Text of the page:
Saturday, June 9, 2018
Lies by T. M. Logan (St. Martin’s Press, September 2018) piles complication atop complication atop complication as one lie leads to another and yet another.
Joe Lynch and his wife Melanie appear to be the perfect London couple, living a dream life. At least, Joe thinks so. They’ve been happily married nearly ten years and have a four-year-old son, William. Joe’s an English teacher at a private school, Mel’s an executive at a large retail chain. They own their house, two cars, and they have lots of friends.
Joe’s life begins to fall apart when he accidentally discovers Mel meeting her best friend’s husband at a motel bar. Ben Delaney is rich, handsome, smart, and ruthless. They have a super-smart fourteen-year-old daughter named Alice who sometimes baby-sits William. Ben and Beth have been married for 15 years, and Mel was maid of honor at their wedding. He’s owner and managing director of a software development company that specializes in creating computer games, and Ben loves to play games.
Why are Ben and Mel meeting at a motel when both are supposed to be working?
When Joe confronts Ben in the motel parking lot, Ben denies meeting Mel. Then he becomes angry and shoves Joe against his car. Joe shoves back, and Ben trips over his briefcase, loses his balance, and slams his head hard into the concrete. Blood oozes from his ear and Ben appears either unconscious or dead.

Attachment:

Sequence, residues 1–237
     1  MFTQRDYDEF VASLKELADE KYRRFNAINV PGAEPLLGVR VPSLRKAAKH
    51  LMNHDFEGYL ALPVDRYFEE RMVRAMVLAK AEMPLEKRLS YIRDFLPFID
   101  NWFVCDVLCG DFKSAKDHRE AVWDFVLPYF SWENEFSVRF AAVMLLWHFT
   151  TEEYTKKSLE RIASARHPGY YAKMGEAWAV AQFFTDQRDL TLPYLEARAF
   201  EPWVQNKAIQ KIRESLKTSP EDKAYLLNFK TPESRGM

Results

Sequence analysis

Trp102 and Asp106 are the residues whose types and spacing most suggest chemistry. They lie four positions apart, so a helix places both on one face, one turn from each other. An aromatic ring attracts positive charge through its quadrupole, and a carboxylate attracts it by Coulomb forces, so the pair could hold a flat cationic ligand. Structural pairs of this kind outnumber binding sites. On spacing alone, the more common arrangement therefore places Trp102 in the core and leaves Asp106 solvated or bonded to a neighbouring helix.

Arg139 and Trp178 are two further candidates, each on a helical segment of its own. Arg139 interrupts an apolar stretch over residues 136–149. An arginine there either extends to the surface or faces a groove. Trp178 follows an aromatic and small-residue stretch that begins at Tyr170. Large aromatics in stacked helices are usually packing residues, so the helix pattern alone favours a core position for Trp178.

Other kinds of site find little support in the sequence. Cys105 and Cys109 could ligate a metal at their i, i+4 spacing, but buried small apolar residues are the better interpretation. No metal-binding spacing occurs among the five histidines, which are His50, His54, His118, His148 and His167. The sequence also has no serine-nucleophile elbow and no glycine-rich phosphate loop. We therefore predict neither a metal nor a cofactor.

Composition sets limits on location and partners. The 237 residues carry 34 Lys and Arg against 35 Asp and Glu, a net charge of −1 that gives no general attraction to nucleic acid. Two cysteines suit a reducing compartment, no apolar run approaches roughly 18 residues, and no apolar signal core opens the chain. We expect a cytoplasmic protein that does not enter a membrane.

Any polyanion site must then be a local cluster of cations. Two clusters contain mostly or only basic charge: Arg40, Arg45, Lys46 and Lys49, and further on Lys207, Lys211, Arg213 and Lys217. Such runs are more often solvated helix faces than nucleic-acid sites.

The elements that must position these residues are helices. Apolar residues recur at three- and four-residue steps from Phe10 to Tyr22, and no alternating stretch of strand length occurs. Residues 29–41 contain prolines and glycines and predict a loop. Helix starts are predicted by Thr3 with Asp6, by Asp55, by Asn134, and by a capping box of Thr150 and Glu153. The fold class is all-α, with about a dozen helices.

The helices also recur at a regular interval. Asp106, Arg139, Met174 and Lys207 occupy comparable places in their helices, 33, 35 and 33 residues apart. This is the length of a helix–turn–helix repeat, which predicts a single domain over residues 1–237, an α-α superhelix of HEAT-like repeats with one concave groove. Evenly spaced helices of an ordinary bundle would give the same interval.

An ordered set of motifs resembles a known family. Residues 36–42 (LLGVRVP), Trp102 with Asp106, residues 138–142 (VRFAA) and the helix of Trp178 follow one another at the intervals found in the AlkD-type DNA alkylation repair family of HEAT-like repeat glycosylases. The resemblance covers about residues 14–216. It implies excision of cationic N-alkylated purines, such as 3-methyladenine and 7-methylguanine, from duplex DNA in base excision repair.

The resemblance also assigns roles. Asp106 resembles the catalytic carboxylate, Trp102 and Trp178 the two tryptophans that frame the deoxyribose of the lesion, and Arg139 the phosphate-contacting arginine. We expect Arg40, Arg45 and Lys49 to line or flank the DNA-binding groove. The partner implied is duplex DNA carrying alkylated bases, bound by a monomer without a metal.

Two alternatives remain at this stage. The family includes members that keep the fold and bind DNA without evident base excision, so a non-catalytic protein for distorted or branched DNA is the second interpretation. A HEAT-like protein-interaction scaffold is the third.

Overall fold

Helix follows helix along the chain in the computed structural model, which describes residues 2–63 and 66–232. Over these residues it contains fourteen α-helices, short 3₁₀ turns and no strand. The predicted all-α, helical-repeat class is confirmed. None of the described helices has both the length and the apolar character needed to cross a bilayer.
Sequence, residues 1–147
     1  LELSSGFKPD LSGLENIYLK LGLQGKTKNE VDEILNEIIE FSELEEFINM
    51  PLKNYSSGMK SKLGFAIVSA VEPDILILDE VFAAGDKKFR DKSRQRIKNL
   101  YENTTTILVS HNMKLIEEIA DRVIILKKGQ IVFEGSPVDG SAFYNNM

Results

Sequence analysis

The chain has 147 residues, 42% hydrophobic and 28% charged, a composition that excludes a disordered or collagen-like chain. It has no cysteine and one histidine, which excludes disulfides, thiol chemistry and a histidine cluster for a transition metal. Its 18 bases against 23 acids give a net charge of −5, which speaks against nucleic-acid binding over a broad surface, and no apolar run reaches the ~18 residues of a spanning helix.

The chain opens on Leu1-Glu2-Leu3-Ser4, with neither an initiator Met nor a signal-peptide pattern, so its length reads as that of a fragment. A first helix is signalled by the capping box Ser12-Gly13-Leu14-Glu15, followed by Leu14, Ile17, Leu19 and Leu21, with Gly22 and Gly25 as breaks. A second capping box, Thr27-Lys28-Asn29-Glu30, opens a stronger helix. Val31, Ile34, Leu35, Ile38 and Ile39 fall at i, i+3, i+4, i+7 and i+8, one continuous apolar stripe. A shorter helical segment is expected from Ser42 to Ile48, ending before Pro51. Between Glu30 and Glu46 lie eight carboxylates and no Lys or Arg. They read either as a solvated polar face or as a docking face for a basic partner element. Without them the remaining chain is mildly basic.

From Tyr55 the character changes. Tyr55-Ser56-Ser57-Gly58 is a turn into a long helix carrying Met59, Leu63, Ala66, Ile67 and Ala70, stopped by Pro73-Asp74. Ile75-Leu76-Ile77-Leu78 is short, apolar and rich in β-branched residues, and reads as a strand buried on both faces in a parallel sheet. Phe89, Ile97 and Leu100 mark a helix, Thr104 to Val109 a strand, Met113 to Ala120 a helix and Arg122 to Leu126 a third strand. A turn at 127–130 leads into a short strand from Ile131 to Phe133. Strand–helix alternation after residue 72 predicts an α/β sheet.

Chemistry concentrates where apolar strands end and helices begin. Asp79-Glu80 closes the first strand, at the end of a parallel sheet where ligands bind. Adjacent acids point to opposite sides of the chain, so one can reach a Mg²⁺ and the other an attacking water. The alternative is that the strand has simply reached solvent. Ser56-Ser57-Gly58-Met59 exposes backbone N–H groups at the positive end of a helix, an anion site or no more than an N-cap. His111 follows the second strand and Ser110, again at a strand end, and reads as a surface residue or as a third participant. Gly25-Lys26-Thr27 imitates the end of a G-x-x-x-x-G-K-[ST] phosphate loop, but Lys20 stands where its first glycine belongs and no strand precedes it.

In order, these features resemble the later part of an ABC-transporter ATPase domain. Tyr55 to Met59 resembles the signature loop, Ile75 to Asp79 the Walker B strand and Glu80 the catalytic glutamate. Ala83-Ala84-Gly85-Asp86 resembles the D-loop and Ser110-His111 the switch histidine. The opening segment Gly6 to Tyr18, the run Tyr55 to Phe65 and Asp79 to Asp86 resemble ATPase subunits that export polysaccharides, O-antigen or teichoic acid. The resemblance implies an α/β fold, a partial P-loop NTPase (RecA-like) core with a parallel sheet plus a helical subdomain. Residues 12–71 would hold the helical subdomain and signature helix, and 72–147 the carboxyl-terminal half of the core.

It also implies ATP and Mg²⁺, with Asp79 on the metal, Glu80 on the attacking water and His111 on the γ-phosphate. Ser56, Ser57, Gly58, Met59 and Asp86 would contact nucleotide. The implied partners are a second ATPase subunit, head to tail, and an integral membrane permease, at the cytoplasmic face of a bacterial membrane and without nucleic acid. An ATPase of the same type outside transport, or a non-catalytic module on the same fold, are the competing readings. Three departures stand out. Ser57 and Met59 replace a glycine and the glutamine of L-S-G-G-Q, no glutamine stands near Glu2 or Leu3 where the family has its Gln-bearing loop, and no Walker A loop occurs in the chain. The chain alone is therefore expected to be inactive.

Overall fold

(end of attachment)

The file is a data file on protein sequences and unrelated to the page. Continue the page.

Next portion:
Joe tries to call an ambulance from his cell phone, but there’s no signal. William sees the blood and begins to suffer a severe asthma attack. Of course, Joe has forgotten to refill the inhaler he kept in the glove box, and he must drive William home and find another inhaler before the boy chokes to death. Save Ben or save his son? His son is infinitely more important.
When Joe returns to the parking lot to help Ben, the man and his Porsche are gone.
Mel returns home at her usual time on Thursday night. He mentions he’d seen her car at the motel and she quickly denies it, claiming she was playing tennis after work with Hilary Paine. When Joe insists he saw her with Ben, she admits she lied because Ben asked her to meet him to discuss a sensitive personnel problem she’d promised to keep secret.
Joe begins to have doubts: If his perfect wife lied to him, is then the rest of his perfect life also only a lie?
When Beth reports Ben missing to the police, Joe could become a suspect if he admits he was the last person to see Ben alive. Mel urges Joe to lie to the police, and things go rapidly downhill from there.
Joe turns to the internet to prove Ben is still alive, but technology is Ben’s strongpoint, not Joe’s. Someone has hacked Joe’s Facebook account and posted lies about him.
Told entirely in the first person from Joe’s POV, readers will easily identify with Joe and feel his pain as lie after lie comes to light and the noose is tightened around Joe’s neck. Is nothing and nobody what they seem?
Lies is a great read, fast-paced and unputdownable.
Tuesday, June 5, 2018
Kill the Farm Boy: Tales of Pell by Keven Hearne and Delilah S. Dawson (Del Rey, July 2018) is outrageously funny. It’s so tongue in cheek (which set of cheeks I am reluctant to say for fear of offending your sensibilities) that it’s like The Princess Bride on steroids.
Imagine making fun of literally every fairy tale trope. This can’t go on or I’ll die laughing, you’ll say, but it does. One bad pun follows another. 384 pages of side-splitting hilarity.
If you love epic fantasy, you’ll love this satiric novel. Not recommended for people with no sense of humor. Lots of fun for everyone else.